The AFL's request for another year to examine Tasmania's case for a standalone team is both unreasonable and disrespectful, according to the state's AFL taskforce and Premier Peter Gutwein.
A long-running saga appeared to come to a head last week when Mr Gutwein informed AFL House that Tasmania would not continue contract conversations with Hawthorn and North Melbourne until it received a timeline for its own team.
A response received shortly before Friday's close of business deadline indicated the AFL would "seek an independent consultant" to conduct a review of the state's bid, which would be completed late 2021 or early 2022.
Speaking in Launceston on Saturday, Mr Gutwein accused the AFL of "recalcitrance".
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"Quite frankly I would have thought that the AFL, with the resources that they have and also the ability to call on professionals from outside of the organisation, could look at the business case within a matter of weeks," he said.
"What really surprises me is if they wanted to use an independent consultant, they could have put that independent consultant on to look at the report last March.
"At the moment pushing this issue out for another 12 months just isn't fair."
AFL chief executive Gillon McLachlan's response said the timeframe would allow the AFL to get a clearer picture of its financial position in the wake of COVID.
"At the end of the day many organisations have had to pivot to manage COVID - our business case was provided to them last February," Mr Gutwein said.
"The fact that they haven't bothered to look at it in detail just doesn't stack up - the football season finished in October.
"I've said right through the AFL has been treating Tasmania with disrespect ... it beggars belief that the AFL want to kick the can down the road again for another 12 months."
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The Tasmanian AFL taskforce's 267-page business plan was first handed to Mr McLachlan on February 7, 2020 - 43 days before COVID forced the season to be postponed.
The AFL Commission had begun to consider the report when coronavirus put the season on standstill until June 11, with cuts putting many out of jobs industry-wide.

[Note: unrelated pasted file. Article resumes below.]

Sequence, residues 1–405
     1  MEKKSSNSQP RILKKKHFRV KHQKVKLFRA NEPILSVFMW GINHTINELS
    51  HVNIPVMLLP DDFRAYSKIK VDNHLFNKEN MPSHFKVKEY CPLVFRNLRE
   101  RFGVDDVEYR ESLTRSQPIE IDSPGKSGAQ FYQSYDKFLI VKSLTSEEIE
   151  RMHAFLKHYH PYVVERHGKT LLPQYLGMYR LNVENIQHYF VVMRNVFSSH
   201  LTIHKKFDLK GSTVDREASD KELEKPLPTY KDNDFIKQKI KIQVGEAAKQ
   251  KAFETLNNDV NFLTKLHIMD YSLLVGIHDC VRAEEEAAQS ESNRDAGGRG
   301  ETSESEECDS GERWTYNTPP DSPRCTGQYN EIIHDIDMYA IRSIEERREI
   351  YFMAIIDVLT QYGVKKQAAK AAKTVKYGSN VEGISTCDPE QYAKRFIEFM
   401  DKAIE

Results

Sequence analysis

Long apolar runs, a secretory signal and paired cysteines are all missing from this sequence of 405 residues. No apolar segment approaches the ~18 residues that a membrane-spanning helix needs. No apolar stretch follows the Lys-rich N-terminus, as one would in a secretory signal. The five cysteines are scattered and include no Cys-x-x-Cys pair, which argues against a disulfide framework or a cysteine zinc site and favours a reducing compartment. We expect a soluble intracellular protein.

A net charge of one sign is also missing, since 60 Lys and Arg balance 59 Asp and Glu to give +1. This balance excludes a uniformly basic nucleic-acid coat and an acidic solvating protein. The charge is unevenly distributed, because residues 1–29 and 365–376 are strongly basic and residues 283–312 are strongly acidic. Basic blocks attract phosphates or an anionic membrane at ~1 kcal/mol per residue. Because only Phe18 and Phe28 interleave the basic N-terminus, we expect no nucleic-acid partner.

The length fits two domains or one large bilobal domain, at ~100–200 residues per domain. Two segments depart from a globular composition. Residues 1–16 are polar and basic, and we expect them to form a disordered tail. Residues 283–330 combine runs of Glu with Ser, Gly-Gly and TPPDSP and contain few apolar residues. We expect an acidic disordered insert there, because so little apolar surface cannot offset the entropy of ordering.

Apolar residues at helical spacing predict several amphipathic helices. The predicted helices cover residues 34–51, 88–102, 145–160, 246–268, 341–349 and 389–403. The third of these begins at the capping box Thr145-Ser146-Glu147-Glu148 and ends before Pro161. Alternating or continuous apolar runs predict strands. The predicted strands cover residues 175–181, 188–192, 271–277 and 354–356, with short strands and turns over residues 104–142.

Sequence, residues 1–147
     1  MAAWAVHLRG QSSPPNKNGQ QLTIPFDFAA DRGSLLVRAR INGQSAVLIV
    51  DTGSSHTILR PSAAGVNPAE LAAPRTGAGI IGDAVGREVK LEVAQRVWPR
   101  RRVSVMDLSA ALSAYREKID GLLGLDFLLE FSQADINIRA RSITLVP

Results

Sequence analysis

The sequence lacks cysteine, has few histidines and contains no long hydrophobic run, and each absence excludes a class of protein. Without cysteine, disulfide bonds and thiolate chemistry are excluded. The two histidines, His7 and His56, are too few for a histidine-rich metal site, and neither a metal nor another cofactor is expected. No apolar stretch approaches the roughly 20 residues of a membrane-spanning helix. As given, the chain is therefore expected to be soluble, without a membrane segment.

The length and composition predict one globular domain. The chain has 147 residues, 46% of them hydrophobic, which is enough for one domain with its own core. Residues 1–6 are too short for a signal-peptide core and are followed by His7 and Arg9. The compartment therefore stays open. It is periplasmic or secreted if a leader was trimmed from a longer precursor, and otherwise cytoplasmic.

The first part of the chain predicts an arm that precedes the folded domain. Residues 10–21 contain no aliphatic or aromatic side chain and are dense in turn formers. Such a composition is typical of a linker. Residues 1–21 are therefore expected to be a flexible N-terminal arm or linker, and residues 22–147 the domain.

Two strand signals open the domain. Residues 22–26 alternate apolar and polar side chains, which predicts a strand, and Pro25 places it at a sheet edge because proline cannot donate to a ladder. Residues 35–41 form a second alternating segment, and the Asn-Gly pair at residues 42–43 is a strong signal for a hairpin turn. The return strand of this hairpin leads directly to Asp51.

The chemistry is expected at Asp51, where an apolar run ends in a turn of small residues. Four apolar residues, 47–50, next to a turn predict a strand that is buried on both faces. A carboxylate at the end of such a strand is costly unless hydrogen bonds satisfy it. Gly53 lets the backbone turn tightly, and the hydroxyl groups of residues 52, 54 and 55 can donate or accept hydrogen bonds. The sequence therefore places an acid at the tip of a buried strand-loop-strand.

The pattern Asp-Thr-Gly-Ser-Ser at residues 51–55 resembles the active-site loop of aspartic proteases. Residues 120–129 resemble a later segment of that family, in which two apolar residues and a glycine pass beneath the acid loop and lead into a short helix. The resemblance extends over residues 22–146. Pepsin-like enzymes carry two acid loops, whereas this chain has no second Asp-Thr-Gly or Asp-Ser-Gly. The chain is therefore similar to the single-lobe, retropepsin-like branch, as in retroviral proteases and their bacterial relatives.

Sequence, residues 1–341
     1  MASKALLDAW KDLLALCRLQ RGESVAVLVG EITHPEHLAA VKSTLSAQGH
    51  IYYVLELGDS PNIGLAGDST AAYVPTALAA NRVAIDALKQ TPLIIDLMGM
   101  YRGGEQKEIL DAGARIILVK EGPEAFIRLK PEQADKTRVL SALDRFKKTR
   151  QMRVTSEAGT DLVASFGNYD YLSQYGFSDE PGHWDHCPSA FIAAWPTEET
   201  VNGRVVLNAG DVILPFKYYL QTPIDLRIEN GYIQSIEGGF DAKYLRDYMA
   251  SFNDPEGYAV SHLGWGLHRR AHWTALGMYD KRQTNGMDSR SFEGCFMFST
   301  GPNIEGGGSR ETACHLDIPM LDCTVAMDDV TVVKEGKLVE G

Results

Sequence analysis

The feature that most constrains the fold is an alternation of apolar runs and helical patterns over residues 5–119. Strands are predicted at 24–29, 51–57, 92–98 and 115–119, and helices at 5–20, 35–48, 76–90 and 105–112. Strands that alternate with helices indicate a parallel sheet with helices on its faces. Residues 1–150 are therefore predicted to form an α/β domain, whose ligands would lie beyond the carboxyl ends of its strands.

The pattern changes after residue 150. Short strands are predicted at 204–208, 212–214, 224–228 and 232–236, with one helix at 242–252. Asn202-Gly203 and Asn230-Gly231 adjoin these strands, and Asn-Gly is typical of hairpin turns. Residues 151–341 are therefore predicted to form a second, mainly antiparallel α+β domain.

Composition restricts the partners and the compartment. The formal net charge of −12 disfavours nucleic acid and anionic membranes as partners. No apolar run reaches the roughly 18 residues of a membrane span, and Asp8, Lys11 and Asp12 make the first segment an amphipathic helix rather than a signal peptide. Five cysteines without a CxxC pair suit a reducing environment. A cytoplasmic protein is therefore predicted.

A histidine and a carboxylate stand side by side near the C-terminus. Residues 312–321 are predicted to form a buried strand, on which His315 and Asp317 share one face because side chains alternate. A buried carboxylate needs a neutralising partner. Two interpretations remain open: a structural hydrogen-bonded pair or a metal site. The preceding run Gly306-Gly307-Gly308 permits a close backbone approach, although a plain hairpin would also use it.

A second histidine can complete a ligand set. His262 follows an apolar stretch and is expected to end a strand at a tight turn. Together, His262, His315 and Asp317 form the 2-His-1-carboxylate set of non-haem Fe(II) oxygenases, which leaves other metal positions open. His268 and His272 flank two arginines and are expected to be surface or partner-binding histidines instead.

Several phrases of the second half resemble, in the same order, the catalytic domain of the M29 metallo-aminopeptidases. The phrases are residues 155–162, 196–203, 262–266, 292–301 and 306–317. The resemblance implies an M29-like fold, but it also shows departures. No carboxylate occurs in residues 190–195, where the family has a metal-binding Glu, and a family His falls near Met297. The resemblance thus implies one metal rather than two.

Tasmanian AFL taskforce chairman Brett Godfrey said last week that while the AFL did not need Tasmania's "added noise" once COVID set in last year, the state could not wait much longer for a response.
A statement from the taskforce on Saturday said continued "perpetual inaction" from the AFL could mark a death sentence for footy in Tasmania.
"It appears there is both a lack of understanding and urgency within the wider AFL community as to the realities of its game in this state," the statement read.
"While many people will understand how COVID might impact timing, the missing or silent vision after all these years is staggering.
"They must, if they hold the local sport and state dear to their future, simply say that Tasmania will be next and part of this new 12-month review is to confirm 'when', not 'if'.
"That's surely the minimum expectation and inherently reasonable."
The Premier's next step is to seek a meeting with Mr McLachlan in the coming weeks, with Hawthorn and North Melbourne's contract negotiations to remain on the backburner.
Mr Gutwein called on both clubs, who are in the final year of five-year deals, to back the state in seeking a quicker review from the AFL.
"I think what would be useful from those two club presidents that we've had a long relationship with, both of whom have said publicly they support our aspiration for our own licence ... they should be saying to the AFL as well 'come on, get on with this, let's get an answer earlier than 2022," he said.
"I would have thought as one of the major sponsors of AFL, that they would treat us [Tasmania] with some respect and at the moment I'm not seeing that."
Labor sport spokesman David O'Byrne labelled the AFL's response "extraordinarily disrespectful" and called on the Premier to provide an events strategy for UTAS Stadium and Bellerive Oval should an AFL team not come to fruition.